Stories Behind The Summer Solstice – Everett Post

The summer solstice occurs on June 20 at 8:32 p.m. PDT. The summer solstice is when the inclination of the earth towards the sun reaches its maximum at 23.44 degrees, the sun reaches its highest position in the sky and it is the day with the longest daylight period. For Everett, the time between sunrise and sunset peaks at 16 hours, 2 minutes, and 34 seconds. And within the Arctic Circle there is continuous daylight around the summer solstice. Solstice is derived from the Latin words sol (sun) and sistere or stand still.

The summer solstice also marks the start of what is known as the astronomical summer, or more commonly referred to as the start of the summer season. After June 20, the days slowly get shorter – a matter of seconds at the beginning, but become a few minutes in August and reach around three and a half minutes shorter days at the end of September when the calendar approaches the winter solstice in December.

In human history, many have observed the summer solstice with celebrations and rituals. Ancient European pagans greeted the solstice with bonfires, noting that bonfires would increase the sun’s energy for the remainder of the growing season and make for a good fall harvest. Campfires have also been linked to magic, which is believed to be strongest during the solstice. Many believed that bonfires could help drive away evil spirits and lead virgins to future husbands. Some wore protective garlands of herbs and flowers, including the strongest – St. John’s wort, as it is associated with St. John’s Day – to commemorate the birth of John the Baptist.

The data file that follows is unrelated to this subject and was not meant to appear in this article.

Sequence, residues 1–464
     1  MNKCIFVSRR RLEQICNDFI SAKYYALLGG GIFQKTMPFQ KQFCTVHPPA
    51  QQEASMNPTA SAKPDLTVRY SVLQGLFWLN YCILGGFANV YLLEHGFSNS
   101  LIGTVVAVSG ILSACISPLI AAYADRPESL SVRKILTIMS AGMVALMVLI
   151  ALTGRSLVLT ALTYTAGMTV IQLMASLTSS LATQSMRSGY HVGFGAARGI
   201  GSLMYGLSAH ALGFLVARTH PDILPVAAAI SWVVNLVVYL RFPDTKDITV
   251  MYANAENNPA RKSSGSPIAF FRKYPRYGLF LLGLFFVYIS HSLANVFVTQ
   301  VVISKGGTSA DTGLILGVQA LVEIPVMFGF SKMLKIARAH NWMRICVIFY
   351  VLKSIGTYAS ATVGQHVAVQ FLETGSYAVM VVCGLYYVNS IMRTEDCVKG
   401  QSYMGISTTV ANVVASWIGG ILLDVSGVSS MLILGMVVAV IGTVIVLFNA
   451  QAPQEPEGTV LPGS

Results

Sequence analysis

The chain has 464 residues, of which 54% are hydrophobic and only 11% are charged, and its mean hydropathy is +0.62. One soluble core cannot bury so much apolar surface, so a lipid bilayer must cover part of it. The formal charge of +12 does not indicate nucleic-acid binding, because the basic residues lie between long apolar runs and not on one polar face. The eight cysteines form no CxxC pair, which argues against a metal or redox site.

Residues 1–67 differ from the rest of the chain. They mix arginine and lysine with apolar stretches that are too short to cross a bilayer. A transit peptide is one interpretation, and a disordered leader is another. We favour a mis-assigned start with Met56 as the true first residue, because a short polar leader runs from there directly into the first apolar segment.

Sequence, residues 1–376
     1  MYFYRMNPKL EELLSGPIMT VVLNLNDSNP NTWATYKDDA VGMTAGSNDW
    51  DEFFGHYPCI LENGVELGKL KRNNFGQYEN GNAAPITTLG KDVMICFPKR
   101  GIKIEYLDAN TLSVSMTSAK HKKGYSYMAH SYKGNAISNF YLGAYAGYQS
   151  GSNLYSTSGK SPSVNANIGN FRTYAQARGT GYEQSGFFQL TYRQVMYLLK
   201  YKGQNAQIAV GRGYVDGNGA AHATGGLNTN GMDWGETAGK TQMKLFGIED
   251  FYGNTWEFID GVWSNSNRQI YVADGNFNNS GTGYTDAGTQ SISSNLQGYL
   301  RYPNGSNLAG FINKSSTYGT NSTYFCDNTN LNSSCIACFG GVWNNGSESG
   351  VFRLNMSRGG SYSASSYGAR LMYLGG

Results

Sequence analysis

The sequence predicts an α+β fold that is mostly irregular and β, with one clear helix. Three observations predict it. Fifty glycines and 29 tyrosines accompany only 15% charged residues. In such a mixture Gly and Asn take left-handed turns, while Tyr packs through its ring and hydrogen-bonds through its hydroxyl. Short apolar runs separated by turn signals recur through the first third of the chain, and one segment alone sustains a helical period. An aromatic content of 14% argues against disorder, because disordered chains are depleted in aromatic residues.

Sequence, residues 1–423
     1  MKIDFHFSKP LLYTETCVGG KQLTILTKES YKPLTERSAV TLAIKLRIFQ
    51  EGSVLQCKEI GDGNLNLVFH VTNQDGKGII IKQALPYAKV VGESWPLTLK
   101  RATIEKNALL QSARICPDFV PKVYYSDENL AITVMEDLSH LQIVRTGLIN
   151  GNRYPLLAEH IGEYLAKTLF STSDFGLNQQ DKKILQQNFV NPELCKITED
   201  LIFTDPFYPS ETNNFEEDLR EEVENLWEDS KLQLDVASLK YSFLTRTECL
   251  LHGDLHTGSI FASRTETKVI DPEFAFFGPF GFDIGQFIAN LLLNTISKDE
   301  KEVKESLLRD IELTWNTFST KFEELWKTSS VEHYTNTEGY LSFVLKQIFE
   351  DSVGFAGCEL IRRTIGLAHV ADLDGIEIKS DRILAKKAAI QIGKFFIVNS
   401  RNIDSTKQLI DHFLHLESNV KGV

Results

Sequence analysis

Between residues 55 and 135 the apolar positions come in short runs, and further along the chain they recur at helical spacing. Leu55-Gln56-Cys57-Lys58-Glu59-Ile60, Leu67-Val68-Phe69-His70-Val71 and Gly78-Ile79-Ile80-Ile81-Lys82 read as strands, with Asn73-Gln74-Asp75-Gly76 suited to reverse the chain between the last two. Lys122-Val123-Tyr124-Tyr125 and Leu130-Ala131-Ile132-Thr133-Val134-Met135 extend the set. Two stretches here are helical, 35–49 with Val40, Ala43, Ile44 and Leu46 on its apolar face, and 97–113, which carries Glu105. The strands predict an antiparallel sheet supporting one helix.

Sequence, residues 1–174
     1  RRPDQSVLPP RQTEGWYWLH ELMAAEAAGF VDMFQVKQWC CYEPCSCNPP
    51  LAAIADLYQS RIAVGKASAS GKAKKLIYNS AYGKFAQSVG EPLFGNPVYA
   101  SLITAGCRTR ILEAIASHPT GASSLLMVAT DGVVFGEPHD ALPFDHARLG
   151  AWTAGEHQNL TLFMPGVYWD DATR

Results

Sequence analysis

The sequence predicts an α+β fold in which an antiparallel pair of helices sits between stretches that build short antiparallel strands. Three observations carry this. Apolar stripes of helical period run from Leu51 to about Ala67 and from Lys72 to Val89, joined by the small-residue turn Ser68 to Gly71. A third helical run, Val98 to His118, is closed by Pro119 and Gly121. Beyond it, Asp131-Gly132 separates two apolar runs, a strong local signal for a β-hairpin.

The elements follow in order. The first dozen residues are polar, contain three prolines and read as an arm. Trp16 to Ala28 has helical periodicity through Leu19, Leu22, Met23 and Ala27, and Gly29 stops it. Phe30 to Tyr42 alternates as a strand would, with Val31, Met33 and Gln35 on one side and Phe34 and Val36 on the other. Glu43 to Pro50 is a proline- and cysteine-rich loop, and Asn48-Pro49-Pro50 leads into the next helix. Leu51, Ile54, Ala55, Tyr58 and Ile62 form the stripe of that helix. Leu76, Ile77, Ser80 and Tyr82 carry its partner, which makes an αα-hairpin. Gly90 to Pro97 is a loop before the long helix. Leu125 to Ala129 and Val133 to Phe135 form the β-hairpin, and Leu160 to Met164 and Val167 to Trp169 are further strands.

The ancient Greeks marked the solstice as the beginning of the new year. The summer solstice also ushered in the month-long countdown to the opening of the Olympic Games. The ancient Romans celebrated Vestalia, a religious festival in honor of Vesta – the goddess of the hearth. During this festival married women could enter the temple of Vesta and make offerings to the goddess in exchange for the family blessing.

For the Vikings, the date was a critical time of the year to meet and discuss legal matters and resolve disputes. Many Indians participated in solstice rituals that are still practiced today. For example, the Sioux perform a ceremonial sun dance while wearing symbolic colors. In Wyoming, the Bighorn Medicine Wheel was considered the culture’s annual sun dance around an arrangement of hundreds of year old stones that align with the sunrise and sunset of the summer solstice.

Stonehenge in southern England faces the sunrise at the summer solstice – one of many theories about the purpose of this megalithic monument. Thousands gather each year to commemorate the longest day of the year. In Egypt, the sun sets sparsely between the Great Pyramids of Khufu and Khafre as viewed from the Sphinx.

Many still celebrate the summer solstice today. Parades and festivals are the most common. In Northern Europe, bonfires are lit, houses are decorated with garlands and other greenery, and girls wear flowers in their hair. In parts of Scandinavia, people dance around maypoles during the summer solstice.

On June 20 at 8:32 p.m. PDT, we can all celebrate the start of summer. The summer weather prospects offer good chances of warmer and drier conditions well into September – which many can celebrate after a tough year.

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